We Care project aims to empower youth in schools

23 November 2021 | Society

Wetumwene Shikage

Seeking to groom bright-minded leaders

The project was started with the aim of having both boy and girl clubs to be part of a Life Skills programme. Sanitary pad drop-boxes at high schools in the Khomas, //Karas, Oshikoto and Hardap regions have been initiated by We Care.

Since its inception, the We Care project has successfully collected over 5 000 sanitary pads. This is with a reach of about 60% per project school. Further, 15 sessions with over 3 000 reached of the boy child and the male engagements on school grounds have been reached. The project was essentially started through an understanding that boys at school sent a signal to girls that “we care about you”.

Project coordinator Sidney Boois explained that the boy and girl clubs started at schools where Life Skills teachers reached out to the project. Ella du Plessis Secondary School was the first interested and through the great network of teachers, other schools joined to be part of the project.

Currently, the project has 11 schools involved from four regions and would like to expand.

Peer round table talks among boys and girls are held monthly at schools to educate youth on pressing issues and local experiences. The youth meet to discuss 16 leadership values which include choices, responsibility and self-worth. The We Care programme provides sanitary pad drop-off boxes by boys clubs and monthly school talk shows by both boys and girls clubs.

Furthermore, as part of value internalisation among both the boy child and girl child, the programme facilitates interactive dialogues that are geared towards character-building and the development of social skills. This is done as an instrument to defuse, amongst others, gender-based violence and substance abuse at a tender age and further develop interpersonal skills within the school-going youth and community.

A press release by Boois stated that the rising incidences of bullying at every level of society and more so on school grounds is an issue of grave concern, which is worrisome as the youth suggest it is a vicious cycle. This has led to a realisation of starting urgent talks at schools through the Life Skills programmes or classes. Boois said the situation at hand requires a sense of urgency at all levels and talks about better choices, discussions among peers on values such as understanding your self-worth and respect of others as well to shape a better future for all.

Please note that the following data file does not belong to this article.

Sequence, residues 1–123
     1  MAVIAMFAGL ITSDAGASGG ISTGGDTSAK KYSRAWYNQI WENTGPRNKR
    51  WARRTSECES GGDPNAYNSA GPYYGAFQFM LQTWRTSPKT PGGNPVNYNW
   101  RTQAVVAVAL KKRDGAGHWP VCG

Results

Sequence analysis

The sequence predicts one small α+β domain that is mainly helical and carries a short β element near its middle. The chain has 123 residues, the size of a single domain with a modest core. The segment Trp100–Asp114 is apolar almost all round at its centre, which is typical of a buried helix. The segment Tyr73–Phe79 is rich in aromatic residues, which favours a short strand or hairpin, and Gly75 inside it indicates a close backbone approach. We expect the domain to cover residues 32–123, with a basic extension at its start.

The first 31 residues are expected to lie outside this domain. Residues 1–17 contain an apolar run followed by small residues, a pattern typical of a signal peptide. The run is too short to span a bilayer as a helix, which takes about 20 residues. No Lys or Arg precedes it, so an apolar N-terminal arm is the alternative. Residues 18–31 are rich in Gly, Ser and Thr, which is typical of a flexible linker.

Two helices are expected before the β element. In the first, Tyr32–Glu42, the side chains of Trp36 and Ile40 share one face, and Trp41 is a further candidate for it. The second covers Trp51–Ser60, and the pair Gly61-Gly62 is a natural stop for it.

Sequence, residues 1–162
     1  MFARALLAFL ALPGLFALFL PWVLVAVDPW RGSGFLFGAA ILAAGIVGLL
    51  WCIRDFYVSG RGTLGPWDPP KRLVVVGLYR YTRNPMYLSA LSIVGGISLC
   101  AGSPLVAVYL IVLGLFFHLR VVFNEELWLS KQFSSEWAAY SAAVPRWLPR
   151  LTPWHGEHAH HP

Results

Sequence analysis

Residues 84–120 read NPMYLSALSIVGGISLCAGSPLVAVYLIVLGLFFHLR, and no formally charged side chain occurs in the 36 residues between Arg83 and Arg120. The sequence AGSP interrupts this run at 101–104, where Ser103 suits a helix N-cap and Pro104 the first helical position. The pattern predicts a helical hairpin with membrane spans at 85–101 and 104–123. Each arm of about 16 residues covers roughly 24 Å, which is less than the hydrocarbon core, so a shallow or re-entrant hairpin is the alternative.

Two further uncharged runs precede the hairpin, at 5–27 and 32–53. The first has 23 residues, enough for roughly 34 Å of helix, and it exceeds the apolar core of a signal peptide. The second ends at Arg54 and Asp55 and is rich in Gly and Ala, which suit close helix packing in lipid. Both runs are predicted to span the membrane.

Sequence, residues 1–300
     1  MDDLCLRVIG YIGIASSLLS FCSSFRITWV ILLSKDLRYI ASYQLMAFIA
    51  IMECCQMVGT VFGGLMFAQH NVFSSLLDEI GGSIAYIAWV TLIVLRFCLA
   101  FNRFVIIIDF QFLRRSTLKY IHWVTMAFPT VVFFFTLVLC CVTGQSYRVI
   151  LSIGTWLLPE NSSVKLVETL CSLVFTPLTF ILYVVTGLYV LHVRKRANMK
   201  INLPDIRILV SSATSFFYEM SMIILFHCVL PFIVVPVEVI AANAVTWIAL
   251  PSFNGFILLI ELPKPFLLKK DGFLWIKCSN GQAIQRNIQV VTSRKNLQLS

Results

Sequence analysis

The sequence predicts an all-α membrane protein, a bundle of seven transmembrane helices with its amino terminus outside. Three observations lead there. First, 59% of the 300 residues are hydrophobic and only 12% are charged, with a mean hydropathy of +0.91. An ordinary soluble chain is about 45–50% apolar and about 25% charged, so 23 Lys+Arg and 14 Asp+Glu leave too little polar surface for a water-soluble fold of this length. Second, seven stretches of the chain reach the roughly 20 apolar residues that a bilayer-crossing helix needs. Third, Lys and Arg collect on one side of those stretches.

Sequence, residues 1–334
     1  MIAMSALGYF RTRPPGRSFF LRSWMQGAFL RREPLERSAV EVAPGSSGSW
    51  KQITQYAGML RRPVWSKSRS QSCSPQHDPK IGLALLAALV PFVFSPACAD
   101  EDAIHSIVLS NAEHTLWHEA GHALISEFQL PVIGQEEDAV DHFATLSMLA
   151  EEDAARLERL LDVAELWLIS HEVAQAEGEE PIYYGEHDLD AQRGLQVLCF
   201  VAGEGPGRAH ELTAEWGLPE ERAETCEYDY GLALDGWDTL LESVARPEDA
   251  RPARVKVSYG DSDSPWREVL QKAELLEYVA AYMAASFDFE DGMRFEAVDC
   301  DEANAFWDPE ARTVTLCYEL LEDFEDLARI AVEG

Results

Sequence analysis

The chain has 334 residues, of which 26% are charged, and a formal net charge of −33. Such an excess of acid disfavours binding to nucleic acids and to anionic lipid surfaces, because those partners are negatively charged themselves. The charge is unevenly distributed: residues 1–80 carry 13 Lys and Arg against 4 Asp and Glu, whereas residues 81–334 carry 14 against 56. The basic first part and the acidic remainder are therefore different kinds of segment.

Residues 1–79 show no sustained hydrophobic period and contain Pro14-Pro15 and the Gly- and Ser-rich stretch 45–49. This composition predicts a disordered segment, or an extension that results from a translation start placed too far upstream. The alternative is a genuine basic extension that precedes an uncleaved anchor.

Another phase of the We Care project was launched on 13 November at Katutura Youth Complex. This launch was the introduction of the youth talk show consisting of panellists and audience both the school-going youth and out-of-school youth. Topics discussed were on choices and self-worth to address, among others, gender-based violence and substance abuse.


Boois shared that there are a few challenges faced which hinder the steady progress of the project and its ultimate goal. Youth would like to become interns through this project and no facilities are readily available to accommodate them. “We would like to set up a wellness centre, recreation centre and an information centre to be user friendly for the youth. The absence of this seems to limit services to empower the youth and strengthen them. We would essentially like to empower interns who are employable to work at different companies,” he said.

He urged potential partners to get on board and support the youth through this project and allow the youth to flourish. “Partners and corporate companies that can provide temporal facilities to this wonderful group of youth, please feel free to invest and have a project which grooms future leaders,” he said.